where it begins

where it ends

what’s out there

some days i suck in the air as if

i had the nose of a proboscis monkey

vacuuming in

honking out

vulgarizing the air with a carnal indifference

most days the in and out of my diaphragm

the anemone like waves of my nostril


happens behind the closed windows of my day

and i’m lucky if, as i stagger along the streets

of my day, i notice so much as a curtain shivering

in a dark window.

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NoPoWriMo Poem #6 Thoughts of Leaving

Thoughts of Leaving

It is late when I get off the bus. The curtains doze, drugged by the still,

heavy, heat. There is no

breeze off the sea tonight.

The mosquitoes whine, but do not pounce.

Ganja smoke rides the night. There is a whispering

in the mango trees. I hear the sound, but

not the meaning,

and think it an invitation to sleep.

I am a working man.

Three months out of high school.

I am a character in a short story

written by a Caribbean Chekov.

In the city of Kingston

a certain young man works as a bank clerk.

In the top right drawer of my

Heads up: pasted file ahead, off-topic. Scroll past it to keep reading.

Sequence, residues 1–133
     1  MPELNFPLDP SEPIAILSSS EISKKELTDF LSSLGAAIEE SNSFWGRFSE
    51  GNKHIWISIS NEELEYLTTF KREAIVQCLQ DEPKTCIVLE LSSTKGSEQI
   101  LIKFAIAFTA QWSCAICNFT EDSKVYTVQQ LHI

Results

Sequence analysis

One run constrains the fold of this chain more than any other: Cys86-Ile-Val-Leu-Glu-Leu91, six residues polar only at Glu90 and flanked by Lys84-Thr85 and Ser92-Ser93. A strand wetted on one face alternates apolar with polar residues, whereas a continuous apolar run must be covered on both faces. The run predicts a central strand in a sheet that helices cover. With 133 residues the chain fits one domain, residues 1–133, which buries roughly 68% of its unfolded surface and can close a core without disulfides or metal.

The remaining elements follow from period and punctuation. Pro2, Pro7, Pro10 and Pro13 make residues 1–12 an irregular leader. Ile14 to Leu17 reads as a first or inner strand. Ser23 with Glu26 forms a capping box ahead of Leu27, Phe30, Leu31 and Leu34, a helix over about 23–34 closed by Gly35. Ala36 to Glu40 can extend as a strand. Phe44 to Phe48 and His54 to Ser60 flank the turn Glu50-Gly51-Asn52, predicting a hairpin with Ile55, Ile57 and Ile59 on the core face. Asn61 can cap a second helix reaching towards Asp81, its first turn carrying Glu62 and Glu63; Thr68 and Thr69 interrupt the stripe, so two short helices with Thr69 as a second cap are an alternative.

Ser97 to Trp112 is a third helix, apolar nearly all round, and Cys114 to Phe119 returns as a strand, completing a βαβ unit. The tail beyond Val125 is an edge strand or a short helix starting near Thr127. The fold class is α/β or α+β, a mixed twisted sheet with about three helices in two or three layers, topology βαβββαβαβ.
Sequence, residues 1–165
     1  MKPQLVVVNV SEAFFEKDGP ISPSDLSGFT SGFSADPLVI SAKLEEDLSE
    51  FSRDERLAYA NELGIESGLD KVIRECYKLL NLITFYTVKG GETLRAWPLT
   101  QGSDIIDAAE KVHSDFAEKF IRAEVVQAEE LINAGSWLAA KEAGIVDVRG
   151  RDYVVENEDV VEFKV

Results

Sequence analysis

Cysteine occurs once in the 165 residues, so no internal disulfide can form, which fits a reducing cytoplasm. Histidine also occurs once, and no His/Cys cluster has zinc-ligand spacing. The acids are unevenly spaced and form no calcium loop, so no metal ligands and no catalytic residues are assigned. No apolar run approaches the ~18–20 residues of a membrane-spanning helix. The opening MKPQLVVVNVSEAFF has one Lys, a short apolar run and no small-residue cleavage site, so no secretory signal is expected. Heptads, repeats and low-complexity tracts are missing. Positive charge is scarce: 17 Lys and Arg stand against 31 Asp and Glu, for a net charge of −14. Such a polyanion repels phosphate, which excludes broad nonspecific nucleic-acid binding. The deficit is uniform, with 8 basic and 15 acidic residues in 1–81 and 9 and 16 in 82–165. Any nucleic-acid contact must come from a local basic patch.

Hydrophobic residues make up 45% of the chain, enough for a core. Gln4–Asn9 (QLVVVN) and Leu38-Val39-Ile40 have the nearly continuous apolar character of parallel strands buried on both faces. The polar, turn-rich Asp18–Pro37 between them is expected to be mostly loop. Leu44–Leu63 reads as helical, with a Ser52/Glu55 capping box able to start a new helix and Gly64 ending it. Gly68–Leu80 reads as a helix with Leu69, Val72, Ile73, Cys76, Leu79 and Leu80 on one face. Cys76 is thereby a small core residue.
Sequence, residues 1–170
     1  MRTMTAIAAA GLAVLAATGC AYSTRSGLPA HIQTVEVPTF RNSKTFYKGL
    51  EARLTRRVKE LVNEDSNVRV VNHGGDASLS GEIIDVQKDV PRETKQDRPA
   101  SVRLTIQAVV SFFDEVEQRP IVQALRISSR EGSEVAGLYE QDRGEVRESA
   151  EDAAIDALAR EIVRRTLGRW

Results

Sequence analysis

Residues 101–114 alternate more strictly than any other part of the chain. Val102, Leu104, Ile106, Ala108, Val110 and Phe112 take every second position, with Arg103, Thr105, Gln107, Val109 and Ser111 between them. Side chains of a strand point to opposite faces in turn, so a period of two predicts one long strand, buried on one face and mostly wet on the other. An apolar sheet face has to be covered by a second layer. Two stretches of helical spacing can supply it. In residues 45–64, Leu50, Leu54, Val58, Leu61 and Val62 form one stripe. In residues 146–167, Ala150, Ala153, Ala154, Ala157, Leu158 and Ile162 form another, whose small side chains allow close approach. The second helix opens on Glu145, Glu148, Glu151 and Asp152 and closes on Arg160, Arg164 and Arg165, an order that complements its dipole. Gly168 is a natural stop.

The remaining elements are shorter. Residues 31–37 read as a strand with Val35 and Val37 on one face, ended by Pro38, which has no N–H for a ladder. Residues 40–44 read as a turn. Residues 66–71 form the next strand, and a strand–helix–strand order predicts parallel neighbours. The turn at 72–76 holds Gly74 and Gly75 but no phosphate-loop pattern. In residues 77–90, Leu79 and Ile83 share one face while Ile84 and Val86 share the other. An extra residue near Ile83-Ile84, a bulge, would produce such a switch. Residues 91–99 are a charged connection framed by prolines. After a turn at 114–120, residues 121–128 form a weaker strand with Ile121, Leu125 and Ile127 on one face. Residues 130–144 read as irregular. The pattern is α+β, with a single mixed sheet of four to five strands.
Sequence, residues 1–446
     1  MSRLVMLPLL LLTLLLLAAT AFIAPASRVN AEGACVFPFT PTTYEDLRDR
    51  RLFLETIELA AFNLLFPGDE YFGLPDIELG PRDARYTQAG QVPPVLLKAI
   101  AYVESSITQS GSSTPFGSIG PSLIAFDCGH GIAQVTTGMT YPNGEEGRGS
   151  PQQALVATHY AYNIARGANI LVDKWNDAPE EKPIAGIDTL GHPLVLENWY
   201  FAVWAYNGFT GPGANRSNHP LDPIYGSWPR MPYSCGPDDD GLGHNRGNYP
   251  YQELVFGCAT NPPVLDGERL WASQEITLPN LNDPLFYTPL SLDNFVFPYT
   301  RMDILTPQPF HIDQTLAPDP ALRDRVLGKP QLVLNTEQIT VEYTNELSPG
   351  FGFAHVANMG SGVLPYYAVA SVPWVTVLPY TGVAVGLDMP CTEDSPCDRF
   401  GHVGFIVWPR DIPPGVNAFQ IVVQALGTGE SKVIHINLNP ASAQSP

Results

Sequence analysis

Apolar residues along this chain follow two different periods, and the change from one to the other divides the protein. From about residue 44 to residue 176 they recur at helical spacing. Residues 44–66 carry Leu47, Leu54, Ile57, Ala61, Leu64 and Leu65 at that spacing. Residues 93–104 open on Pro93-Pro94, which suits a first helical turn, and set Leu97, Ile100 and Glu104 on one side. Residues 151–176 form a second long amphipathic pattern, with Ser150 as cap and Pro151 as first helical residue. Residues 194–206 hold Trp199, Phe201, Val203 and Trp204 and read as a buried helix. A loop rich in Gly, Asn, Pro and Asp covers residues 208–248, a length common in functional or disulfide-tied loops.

chest of drawers twelve

razor sharp twenty dollar bills

kotch like rude boys.

My first paycheck. My salary. My ticket out

of this small, beautiful, wretched,

storybook island that is stifling me every day.

My dreams are of eye blinding, red-orange

shirts bought in Miami; Jet Magazine photographs

of long legged, slow eyed girls from

Philadelphia; television shots of Manhattan skyscrapers,

and second hand stories of stories of

after-hours parties in the  Bronx. But

this is not the United States of All-Dreams.

It is Jamaica. Jamdown.


I wake one night to a gun

in my face. There is a cipher

behind the blue-black chrome, but it is not to him I silently beg for my life.

“Wheh de money?”

I think to lie for less than a second. “In de top draw,” I

answer, and close my eyes and wait. It is enough. The gun

leaves, with the money. A year

later I too have left, but the

thick, weed stink of fear

will not leave.